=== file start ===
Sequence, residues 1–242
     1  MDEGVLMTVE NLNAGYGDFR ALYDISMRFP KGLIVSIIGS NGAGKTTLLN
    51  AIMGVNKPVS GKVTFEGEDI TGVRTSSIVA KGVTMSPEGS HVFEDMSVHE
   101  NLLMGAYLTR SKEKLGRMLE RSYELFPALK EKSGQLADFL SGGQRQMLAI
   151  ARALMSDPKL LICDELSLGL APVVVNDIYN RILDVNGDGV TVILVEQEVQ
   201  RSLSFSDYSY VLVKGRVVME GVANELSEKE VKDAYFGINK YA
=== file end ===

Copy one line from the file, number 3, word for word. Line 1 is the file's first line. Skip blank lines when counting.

    51  AIMGVNKPVS GKVTFEGEDI TGVRTSSIVA KGVTMSPEGS HVFEDMSVHE